By Haruki Murakami, Translated from the Japanese by Jay Rubin, Philip Gabriel
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Unfortunately, though, her writing is hopeless. A total mess. You, on the other hand, know how to write. Your story lines are good. You have taste. You may be built like a lumberjack, but you write with intelligence and sensitivity. And real power. Unlike Fuka-Eri, though, you still haven’t grasped exactly what it is you want to write about. Which is why a lot of your stories are missing something at the core. I know you’ve got something inside you that you need to write about, but you can’t get it to come out.
Aomame imagined 1926 Czechoslovakia: The First World War had ended, and the country was freed from the long rule of the Hapsburg Dynasty. As they enjoyed the peaceful respite visiting central Europe, people drank Pilsner beer in cafés and manufactured handsome light machine guns. Two years earlier, in utter obscurity, Franz Kafka had left the world behind. Soon Hitler would come out of nowhere and gobble up this beautiful little country in the blink of an eye, but at the time no one knew what hardships lay in store for them.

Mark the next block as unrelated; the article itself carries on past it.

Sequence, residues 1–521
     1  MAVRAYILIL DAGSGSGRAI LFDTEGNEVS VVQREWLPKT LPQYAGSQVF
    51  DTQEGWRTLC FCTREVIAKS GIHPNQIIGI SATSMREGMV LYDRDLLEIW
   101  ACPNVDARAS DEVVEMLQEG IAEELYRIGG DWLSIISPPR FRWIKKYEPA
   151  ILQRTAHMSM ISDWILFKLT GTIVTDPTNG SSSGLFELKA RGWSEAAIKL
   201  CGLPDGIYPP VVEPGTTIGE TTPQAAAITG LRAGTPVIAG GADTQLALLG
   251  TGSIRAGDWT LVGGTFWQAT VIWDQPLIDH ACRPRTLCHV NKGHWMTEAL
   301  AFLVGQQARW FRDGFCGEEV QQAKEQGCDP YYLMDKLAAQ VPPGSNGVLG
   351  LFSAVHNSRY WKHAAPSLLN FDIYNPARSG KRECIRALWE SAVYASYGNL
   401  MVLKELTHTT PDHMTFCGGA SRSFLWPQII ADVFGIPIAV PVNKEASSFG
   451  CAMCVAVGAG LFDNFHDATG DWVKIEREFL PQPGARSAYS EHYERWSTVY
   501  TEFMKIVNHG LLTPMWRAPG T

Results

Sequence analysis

Tengo would rewrite it following his advice and bring it to Komatsu again, who would provide new instructions, like a coach raising the bar a little at a time. “Your case might take some time,” he said. “But we’re in no hurry. Just make up your mind to write every single day. And don’t throw anything out. ” Tengo agreed to follow Komatsu’s advice. For his part, Komatsu would occasionally send small writing jobs Tengo’s way. Anonymously, Tengo wrote copy for the women’s magazine produced by Komatsu’s publisher.